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Strathy South wind farm should have four fewer turbines, says Highland Council report  

Credit:  By Gordon Calder | John O'Groat Journal and Caithness Courier | 03 June 2021 | www.johnogroat-journal.co.uk ~~

The proposed wind farm at Strathy South should have four fewer turbines, taking the number from 39 to 35. That is the recommendation which will be before the North Planning Applications Committee next week when SSE Generation Ltd apply for consent to vary the blade tip height from 135 to up to 200 metres under section 36 of the Electricity Act 1989. Maximum consented output would increase from 133 to 208 megawatts.

The application will be determined by the Scottish Government but Highland Council is being asked for its view as a statutory consultee.

A report for committee members recommends no objection is raised but suggests four of the turbines should be removed along with the associated infrastructure.

It says: “The principle of a wind farm has been established in this location. The key consideration therefore is whether the proposed increase in the size of the turbines is deemed acceptable. The effect of the increase in blade tip height is most obvious when considering matters of landscape and visual impact. For the most part the increase in blade tip height is acceptable, including the introduction of aviation lighting.”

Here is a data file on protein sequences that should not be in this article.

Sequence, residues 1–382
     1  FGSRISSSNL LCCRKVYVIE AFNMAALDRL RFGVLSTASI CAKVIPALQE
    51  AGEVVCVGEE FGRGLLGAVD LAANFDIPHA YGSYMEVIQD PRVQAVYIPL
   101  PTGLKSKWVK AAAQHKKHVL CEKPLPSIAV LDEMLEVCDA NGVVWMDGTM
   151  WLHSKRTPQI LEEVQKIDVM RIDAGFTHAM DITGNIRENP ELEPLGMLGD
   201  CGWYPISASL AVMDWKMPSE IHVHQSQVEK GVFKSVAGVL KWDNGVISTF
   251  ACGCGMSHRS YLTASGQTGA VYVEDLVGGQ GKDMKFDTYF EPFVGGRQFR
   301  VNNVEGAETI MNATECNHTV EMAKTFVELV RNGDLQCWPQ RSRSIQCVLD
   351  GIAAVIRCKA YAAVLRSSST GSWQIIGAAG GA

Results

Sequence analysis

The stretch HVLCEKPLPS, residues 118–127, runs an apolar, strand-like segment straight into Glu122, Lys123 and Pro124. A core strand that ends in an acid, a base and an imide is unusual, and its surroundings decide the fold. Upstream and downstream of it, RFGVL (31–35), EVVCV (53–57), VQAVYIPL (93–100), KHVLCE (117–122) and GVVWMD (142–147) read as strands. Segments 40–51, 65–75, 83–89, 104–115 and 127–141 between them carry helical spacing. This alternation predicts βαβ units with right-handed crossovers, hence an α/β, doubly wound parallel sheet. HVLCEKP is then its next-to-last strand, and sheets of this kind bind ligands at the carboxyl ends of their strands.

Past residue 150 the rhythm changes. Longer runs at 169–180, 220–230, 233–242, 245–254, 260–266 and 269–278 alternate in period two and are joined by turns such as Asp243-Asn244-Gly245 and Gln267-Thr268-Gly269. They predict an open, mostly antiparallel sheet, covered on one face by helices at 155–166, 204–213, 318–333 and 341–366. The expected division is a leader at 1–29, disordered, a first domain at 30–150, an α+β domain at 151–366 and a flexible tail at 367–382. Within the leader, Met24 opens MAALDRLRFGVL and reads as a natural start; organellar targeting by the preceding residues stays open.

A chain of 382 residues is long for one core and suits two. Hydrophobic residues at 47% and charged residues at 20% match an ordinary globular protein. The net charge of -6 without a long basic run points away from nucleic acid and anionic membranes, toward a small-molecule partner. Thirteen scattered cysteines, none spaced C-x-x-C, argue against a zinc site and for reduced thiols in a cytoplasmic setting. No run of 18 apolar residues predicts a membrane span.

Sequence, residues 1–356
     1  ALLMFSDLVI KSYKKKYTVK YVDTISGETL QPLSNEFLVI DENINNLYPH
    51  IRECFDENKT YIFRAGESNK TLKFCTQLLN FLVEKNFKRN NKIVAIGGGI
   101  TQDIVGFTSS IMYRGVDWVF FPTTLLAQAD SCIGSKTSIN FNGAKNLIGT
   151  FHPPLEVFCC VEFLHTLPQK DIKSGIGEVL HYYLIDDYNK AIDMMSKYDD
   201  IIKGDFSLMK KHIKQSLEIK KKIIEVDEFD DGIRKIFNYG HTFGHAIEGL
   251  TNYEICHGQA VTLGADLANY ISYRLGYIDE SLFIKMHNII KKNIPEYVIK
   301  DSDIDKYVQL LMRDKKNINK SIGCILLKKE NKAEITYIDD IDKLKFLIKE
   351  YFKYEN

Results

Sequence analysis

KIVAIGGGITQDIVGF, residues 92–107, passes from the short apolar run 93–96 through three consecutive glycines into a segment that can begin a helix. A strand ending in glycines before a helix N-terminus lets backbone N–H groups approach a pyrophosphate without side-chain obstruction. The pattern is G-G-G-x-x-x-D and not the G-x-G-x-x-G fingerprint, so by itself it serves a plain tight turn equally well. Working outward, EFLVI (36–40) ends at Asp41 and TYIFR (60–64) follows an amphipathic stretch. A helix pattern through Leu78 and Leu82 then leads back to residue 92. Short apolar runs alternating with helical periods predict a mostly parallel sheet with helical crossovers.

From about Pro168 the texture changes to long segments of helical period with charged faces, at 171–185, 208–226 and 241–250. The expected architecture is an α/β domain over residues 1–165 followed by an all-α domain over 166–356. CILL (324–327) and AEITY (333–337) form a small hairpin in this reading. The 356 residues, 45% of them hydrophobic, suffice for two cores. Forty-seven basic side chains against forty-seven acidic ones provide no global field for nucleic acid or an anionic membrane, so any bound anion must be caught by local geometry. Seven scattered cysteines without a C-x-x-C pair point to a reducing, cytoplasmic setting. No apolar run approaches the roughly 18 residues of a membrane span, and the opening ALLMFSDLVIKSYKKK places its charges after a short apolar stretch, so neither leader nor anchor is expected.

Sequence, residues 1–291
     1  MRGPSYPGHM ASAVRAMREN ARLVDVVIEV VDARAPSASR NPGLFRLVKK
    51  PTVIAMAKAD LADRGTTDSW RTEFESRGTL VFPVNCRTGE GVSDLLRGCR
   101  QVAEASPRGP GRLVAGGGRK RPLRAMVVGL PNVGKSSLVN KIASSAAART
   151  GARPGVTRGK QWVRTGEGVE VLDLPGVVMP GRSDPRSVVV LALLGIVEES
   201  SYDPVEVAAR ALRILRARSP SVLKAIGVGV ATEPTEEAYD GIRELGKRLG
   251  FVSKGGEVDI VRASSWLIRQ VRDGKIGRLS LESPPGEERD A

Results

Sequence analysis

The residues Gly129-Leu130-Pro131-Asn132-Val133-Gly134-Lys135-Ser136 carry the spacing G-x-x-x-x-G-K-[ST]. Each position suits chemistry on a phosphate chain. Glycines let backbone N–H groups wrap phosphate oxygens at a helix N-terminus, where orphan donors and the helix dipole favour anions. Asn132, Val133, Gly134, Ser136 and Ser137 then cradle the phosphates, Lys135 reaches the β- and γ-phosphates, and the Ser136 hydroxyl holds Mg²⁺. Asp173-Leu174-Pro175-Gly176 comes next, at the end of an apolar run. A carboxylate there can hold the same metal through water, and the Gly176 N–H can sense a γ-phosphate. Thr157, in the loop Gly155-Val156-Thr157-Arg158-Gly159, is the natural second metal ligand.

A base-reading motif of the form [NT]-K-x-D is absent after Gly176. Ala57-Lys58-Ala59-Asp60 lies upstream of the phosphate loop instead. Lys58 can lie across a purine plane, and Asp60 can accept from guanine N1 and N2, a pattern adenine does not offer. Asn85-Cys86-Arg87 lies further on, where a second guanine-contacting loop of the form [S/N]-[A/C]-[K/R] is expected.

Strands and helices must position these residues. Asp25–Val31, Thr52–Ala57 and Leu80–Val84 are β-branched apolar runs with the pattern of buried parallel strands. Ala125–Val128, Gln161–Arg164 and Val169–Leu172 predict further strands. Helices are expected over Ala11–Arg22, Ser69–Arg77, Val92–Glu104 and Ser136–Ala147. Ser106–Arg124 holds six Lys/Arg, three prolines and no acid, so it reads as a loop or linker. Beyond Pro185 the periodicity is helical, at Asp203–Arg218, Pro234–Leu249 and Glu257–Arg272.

However, it states: “There are some concerns with the way in which the increased blade tip height emphasises design issues with the consented turbines through the horizontal extent of the scheme being more noticeable and stacking and overlapping of turbines in some views being exacerbated.

“While accepting it is not possible to design a wind farm from all angles, it is considered that the composition of the scheme in those views from the north in particular are important to the acceptability of the development in the landscape.”

As a result it suggests the removal of four of the turbines.

Source:  By Gordon Calder | John O'Groat Journal and Caithness Courier | 03 June 2021 | www.johnogroat-journal.co.uk

This article is the work of the source indicated. Any opinions expressed in it are not necessarily those of National Wind Watch.

The copyright of this article resides with the author or publisher indicated. As part of its noncommercial effort to present the environmental, social, scientific, and economic issues of large-scale wind power development to a global audience seeking such information, National Wind Watch endeavors to observe “fair use” as provided for in section 107 of U.S. Copyright Law and similar “fair dealing” provisions of the copyright laws of other nations. Send requests to excerpt, general inquiries, and comments via e-mail.

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